Unit 7: Evolution and Phylogeny (5weeks)

    Chapters 19-23

    • How natural selection serves as a mechanism for evolution
    • Scientific evidence supporting evolution
    • Hardy-Weinberg concept
    • How allele frequencies can be altered in a population
    • Concepts of speciation
    • Origin of Life; Fossil Records
    • Events in the “history of life” (origin of single-celled and multicellular organisms; mass extinctions, adaptive radiations)

    Unit 8: Diversity in the BiologicalWorld: Organism Form and Function (5 ½ weeks)

    Chapters 24-27
    Chapters 28-39 will be used toprovide students with enduring understandings in this unit

    ·        Evolutionary trends (endosymbiosis, adaptationsthat allowed plants to move from water to land, reproductive adaptations ofangiosperms, environmental roles of fungi, animal body plans, progressivelycomplex derived characters in animal groups)

    ·        Unique features of the angiosperm life cycle

    ·        Signal transduction pathways (plant and animalhormones)

    ·        Photoperiodism in plants

    ·        Feedback control loops in animals

    ·        Thermoregulation in animals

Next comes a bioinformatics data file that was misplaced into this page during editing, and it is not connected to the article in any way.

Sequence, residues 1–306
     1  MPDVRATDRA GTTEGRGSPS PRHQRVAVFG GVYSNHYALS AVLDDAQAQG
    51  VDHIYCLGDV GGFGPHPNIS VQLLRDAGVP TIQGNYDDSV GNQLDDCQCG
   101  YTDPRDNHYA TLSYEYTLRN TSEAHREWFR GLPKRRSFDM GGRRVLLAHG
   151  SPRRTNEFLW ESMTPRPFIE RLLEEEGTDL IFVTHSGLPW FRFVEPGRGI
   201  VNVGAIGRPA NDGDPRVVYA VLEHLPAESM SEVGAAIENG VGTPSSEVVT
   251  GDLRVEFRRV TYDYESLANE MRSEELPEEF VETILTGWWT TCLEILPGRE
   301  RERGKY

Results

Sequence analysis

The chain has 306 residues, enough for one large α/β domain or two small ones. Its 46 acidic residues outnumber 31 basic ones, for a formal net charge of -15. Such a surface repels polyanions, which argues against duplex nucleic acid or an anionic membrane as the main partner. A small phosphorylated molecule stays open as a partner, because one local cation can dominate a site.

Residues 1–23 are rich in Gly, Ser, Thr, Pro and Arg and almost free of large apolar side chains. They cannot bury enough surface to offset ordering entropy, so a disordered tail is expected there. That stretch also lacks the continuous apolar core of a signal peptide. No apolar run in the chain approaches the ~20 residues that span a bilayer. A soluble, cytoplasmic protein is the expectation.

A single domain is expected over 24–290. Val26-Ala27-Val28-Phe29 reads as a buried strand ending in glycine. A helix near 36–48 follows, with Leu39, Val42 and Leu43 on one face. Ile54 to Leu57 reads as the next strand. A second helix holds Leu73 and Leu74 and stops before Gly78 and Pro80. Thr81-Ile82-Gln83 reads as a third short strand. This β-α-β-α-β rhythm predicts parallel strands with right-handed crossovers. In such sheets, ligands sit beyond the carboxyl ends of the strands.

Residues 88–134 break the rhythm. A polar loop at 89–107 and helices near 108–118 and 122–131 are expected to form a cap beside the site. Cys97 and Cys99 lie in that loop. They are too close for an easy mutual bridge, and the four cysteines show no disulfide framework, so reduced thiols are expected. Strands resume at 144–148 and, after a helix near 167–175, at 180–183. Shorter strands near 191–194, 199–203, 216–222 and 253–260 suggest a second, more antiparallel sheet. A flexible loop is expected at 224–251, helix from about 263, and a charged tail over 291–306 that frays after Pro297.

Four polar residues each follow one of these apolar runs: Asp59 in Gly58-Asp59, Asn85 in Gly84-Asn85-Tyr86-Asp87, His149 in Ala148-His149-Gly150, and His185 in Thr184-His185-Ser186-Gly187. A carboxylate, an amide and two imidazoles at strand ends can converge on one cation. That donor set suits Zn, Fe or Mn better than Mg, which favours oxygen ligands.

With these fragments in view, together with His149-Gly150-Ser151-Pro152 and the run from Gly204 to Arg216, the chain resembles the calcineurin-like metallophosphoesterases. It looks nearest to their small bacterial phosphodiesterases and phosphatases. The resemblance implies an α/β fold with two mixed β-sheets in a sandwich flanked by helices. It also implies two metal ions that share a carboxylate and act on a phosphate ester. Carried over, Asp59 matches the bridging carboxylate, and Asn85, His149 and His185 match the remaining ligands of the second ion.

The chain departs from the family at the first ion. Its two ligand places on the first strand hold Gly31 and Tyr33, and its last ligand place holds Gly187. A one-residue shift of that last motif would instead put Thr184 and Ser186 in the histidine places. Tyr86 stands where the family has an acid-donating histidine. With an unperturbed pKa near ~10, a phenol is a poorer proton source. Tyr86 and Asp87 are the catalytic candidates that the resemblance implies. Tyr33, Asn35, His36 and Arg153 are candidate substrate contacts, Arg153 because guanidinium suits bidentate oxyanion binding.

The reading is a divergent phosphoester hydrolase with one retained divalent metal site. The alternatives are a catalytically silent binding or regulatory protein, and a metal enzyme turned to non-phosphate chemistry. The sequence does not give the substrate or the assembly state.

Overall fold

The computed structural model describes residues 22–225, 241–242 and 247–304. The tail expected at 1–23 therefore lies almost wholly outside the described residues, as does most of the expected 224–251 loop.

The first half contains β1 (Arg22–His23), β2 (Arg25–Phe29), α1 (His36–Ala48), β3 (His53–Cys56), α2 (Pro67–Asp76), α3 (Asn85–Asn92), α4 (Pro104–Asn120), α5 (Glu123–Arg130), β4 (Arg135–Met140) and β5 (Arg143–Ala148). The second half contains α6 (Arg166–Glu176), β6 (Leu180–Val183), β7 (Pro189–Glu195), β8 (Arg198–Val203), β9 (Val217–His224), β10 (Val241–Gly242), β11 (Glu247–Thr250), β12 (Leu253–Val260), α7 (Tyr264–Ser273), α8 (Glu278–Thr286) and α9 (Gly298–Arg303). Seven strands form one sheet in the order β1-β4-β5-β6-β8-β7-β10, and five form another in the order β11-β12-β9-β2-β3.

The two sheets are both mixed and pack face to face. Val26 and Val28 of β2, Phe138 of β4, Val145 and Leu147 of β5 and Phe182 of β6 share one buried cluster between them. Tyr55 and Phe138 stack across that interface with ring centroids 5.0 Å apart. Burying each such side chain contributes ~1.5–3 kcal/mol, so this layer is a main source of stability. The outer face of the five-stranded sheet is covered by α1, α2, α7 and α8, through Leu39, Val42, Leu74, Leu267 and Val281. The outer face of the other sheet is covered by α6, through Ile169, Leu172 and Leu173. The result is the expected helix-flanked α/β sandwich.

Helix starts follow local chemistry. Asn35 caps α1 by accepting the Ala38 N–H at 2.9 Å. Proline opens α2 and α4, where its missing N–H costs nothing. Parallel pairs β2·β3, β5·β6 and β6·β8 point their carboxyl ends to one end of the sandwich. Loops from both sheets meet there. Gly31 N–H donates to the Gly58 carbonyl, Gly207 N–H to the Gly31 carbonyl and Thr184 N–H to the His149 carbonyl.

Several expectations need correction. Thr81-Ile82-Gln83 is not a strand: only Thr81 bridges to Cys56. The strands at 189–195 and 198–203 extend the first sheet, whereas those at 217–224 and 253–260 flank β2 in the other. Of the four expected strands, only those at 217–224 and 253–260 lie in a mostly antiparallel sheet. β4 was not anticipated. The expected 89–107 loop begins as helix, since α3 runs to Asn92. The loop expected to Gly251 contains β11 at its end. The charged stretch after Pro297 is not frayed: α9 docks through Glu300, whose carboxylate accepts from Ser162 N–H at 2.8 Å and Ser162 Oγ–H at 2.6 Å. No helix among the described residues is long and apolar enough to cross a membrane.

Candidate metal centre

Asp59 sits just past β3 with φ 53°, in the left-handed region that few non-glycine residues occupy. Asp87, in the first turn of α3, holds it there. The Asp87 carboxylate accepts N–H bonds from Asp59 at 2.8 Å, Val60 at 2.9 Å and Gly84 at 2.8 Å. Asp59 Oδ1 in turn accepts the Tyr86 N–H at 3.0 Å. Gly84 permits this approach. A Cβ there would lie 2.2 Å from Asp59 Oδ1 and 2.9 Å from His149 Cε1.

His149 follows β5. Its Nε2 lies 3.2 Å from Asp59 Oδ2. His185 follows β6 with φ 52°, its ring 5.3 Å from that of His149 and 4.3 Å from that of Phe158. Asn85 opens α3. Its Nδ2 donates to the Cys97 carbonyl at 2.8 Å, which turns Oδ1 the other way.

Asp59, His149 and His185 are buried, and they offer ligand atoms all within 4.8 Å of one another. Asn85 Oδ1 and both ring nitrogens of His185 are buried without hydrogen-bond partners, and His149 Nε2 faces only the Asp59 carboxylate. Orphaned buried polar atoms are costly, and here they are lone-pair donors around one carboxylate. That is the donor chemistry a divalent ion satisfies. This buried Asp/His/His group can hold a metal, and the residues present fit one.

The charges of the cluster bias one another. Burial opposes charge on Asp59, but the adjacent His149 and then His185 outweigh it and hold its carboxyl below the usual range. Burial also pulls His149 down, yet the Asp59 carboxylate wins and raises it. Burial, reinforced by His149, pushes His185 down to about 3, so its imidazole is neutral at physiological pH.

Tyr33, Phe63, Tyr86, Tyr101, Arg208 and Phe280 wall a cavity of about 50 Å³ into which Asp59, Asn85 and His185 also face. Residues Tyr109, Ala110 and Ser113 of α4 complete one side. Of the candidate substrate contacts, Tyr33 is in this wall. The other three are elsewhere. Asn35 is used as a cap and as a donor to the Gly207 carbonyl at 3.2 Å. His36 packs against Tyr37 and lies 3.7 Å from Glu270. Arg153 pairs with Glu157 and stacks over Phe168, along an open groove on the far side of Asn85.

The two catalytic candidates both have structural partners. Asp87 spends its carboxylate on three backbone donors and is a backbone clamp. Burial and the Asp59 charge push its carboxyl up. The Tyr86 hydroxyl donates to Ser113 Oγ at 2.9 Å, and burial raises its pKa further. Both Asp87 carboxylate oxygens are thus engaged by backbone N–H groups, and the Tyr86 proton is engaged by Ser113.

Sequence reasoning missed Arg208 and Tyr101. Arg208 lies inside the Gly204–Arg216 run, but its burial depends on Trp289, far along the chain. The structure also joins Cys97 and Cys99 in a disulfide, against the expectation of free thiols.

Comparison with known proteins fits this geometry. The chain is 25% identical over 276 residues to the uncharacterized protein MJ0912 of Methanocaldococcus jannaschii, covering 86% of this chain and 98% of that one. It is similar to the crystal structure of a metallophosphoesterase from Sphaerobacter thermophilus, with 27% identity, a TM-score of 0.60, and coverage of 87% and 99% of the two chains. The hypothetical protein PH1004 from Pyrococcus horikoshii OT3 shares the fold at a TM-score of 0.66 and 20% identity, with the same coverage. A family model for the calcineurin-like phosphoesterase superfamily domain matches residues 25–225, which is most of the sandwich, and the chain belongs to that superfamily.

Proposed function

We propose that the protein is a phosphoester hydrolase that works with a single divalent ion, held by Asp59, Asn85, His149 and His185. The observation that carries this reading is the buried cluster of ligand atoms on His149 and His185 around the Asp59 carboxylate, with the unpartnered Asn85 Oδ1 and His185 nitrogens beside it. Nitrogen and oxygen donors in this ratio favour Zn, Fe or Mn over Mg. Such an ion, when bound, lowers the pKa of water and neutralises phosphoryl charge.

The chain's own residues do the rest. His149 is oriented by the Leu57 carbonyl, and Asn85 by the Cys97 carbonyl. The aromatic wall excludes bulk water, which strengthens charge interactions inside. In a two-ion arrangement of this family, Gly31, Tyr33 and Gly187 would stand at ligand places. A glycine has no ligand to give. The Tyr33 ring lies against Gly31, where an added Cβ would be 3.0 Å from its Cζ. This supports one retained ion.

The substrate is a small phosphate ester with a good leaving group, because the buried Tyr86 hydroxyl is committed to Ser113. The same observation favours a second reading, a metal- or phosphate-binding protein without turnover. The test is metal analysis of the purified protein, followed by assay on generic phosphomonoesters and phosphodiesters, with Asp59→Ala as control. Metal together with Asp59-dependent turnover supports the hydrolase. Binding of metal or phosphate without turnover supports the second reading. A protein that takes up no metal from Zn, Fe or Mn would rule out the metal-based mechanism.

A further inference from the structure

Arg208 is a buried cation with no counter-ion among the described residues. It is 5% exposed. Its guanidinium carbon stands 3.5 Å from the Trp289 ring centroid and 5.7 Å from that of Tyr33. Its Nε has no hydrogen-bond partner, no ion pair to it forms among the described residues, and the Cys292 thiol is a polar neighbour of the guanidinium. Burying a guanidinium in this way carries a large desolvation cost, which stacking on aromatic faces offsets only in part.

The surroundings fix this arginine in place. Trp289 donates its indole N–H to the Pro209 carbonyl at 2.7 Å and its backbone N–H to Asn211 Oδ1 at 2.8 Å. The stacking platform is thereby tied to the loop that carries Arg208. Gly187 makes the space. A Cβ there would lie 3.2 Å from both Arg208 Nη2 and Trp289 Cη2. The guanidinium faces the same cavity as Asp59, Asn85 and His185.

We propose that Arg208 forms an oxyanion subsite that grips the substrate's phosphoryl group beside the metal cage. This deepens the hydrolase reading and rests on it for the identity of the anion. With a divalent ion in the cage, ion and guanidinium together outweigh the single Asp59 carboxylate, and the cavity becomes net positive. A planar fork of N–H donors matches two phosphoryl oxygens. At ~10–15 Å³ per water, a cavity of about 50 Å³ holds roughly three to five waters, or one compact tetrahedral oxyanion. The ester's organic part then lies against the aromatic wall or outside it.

·        Energy allocation and use in animals

    ·        Examples of functioning units in mammal systems(alveoli in lungs, villi of small intestines, nephrons in kidneys)

    ·        Structure and function in immune systems

    ·        Structure and function in nervous systems (neurons,resting potential, action potential, synapses)

    ·        Structure and function of the human brain

    Unit 9: Ecology (4 weeks)

    Chapters 40-43

    ·        Aspects of animal behavior

    ·        Aspects of biomes

    ·        Models of describing population growth

    ·        Regulation of population growth

    ·        Community interactions

    ·        Species diversity and composition

    ·        Community biodiversity

    ·        Energy flow and chemical cycling in ecosystems

    ·        Primary productivity

    ·        Energy transfer between trophic levels

    ·        Human activities that threaten biodiversity


    EVALUATION:The following work will be used to measure student performance in classthroughout the year: TESTS, INQUIRYBASED LABS, MINI-LABS, LAB NOTEBOOK, HOMEWORK